Certain amounts of the right cortical infarct regions and radioimmunoprecipitation assay lysates were centrifuged at 12 000 rpm for 15 minutes at 4°C and quantified by bicinchoninic acid assay (PC0020; Beijing Solarbio Technology Co., Ltd, Beijing, China). After electrophoresis, 30 μg of protein were transferred to a polyvinylidene difluoride membrane. Then the membrane was blocked for about 2 h at room temperature with 3% BSA in TBST solution and incubated with rabbit monoclonal antibody anti GABAT (1:1000; Abcam, Cambridge, UK) or rabbit polyclonal antibody anti-GABA (1:1000; Abcam), with GAPDH (TA-08; Beijing ZSGB Biotechnology Co., Ltd, Beijing, China) as internal control, at 4°C overnight. The membranes were washed with TBST solution three times every 7 minutes and then incubated with the goat anti-rat secondary antibody (1:5000; Beijing ZSGB Biotechnology Co., Ltd) for 1 h, at 37°C. Enhanced chemiluminescence kit (5200; Tanon Science & Technology Co., Ltd, Shanghai, China) was applied for visualization of protein bands, which were captured and analyzed by image analysis system (1.52p; Softonic, Barcelona, Span). The optical density value of the protein bands were normalized to GAPDH and calculated.

Statistical analysis

Statistical analysis was conducted using SPSS 20.0 software (IBM, Armonk, New York, USA). Significance was determined with Chi-square test or Wilcoxon signed-rank test or one-way analysis of variance. The least significant difference-t post hoc test was used for pairwise comparisons. Data was presented as mean ± SD. P-value less than 0.05 was considered statistically significant differences.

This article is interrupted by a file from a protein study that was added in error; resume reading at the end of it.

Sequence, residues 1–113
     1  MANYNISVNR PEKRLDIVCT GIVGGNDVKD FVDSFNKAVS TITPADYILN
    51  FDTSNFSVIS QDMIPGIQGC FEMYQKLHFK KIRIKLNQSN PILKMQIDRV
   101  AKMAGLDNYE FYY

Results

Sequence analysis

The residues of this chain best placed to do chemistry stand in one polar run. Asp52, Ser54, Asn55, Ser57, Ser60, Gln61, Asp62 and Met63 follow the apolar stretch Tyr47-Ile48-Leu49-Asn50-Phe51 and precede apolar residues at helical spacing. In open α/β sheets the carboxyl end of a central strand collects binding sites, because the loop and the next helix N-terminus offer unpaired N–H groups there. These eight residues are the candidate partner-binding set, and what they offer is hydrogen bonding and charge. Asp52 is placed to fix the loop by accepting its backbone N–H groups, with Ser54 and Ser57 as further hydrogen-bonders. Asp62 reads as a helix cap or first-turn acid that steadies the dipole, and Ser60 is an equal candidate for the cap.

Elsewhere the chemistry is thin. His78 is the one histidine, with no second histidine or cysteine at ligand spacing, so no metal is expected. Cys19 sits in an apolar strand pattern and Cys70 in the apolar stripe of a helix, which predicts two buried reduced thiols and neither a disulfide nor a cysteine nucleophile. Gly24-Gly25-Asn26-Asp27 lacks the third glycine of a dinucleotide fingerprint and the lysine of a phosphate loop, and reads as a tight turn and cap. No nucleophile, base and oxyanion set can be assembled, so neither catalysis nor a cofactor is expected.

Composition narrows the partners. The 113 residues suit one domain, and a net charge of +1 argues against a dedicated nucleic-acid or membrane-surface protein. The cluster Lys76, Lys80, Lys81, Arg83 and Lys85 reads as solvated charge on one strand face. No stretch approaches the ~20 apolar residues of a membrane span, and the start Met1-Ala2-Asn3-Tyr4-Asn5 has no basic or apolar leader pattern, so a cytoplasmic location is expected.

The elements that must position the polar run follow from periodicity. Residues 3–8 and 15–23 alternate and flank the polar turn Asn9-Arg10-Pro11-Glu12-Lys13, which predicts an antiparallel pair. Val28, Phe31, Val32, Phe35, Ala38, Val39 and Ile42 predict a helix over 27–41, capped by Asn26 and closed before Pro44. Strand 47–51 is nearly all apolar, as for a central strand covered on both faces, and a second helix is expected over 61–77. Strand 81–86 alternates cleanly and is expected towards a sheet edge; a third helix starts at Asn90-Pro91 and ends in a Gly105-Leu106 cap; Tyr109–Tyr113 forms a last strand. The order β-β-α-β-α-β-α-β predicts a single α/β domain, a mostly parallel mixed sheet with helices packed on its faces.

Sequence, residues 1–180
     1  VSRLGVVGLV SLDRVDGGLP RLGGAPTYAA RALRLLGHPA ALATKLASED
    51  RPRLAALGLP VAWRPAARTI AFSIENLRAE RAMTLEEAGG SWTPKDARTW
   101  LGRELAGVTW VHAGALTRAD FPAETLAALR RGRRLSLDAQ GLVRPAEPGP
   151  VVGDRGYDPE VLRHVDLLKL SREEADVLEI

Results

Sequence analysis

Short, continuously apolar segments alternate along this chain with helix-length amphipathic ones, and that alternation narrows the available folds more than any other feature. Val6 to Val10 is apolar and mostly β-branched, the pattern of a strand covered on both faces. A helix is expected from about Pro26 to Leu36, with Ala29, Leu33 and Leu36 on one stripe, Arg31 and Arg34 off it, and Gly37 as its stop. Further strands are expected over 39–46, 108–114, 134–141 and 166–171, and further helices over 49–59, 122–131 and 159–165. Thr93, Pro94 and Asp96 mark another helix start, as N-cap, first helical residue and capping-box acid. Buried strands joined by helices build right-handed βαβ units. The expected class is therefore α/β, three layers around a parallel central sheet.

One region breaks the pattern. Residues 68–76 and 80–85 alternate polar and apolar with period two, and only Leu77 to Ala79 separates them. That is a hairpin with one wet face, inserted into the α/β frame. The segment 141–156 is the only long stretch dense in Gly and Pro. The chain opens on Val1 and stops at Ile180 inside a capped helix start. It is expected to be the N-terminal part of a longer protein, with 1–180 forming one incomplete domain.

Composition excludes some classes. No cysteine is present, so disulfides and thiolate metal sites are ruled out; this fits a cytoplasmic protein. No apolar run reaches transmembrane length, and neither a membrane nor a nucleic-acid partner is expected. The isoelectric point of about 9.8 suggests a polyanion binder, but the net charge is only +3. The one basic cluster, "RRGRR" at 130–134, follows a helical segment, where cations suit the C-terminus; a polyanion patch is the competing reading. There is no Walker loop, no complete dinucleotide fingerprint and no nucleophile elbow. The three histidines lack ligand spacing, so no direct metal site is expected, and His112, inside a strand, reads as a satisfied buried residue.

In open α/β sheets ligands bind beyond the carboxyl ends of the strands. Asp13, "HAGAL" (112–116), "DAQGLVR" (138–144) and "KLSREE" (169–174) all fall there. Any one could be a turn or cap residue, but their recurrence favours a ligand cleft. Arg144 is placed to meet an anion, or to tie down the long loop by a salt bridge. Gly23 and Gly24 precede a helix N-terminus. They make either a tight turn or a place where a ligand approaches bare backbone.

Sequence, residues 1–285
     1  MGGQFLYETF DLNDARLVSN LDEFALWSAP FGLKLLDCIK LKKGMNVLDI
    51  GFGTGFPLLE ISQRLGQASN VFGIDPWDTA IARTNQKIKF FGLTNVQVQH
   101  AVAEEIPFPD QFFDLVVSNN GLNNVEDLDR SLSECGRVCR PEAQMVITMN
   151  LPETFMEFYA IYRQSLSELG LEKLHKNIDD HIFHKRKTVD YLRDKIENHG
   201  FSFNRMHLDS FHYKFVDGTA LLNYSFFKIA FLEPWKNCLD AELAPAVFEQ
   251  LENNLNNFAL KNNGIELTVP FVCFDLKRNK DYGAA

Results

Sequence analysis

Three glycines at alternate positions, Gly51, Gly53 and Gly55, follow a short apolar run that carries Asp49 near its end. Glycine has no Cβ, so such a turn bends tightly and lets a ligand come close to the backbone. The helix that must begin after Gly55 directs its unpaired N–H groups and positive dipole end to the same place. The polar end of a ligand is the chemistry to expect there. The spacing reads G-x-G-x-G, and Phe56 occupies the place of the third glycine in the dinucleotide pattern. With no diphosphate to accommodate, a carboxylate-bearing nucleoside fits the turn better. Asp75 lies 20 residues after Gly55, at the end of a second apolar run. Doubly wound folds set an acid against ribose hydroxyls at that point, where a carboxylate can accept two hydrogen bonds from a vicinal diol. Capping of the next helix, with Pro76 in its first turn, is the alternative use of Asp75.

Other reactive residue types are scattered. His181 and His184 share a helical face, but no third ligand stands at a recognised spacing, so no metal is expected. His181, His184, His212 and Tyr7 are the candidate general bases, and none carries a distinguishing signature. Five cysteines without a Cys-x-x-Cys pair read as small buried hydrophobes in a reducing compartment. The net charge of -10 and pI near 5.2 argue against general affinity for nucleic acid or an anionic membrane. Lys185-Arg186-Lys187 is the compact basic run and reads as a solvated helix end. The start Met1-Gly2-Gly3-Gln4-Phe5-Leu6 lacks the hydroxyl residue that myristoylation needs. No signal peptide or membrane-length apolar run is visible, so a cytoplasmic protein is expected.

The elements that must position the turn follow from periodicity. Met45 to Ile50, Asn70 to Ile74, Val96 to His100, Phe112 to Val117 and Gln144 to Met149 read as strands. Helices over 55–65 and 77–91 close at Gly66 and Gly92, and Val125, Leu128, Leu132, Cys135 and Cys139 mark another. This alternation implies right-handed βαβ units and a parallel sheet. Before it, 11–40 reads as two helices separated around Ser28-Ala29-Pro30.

Results

Quantitative analysis of experimental rats

No rats died in the normal and sham groups. Six rats died and three rats exhibited no spasticity in the model group; four rats died and five rats exhibited no spasticity in the waggle needling group; five rats died and four rats exhibited no spasticity in the routine needling group; five rats died and six rats exhibited no spasticity in the baclofen group. There was no statistical difference of the survival rates among the up-mentioned groups (χ2 = 0.511, P > 0.05). All included rats met the criteria: Zea Longa scores (1–3), MAS scores (1–4) and statistical differences were no found among each group referring to the Zea Longa (P > 0.05) and MAS (P > 0.05). Therefore, the final analyses included 14 rats among each group except for the baclofen group (n = 12). Six rats each in all groups were used for TTC staining. Six rats each in all groups were used for electrophysiological recordings. Six rats each in all groups were sacrificed for ELISA and western blot assay.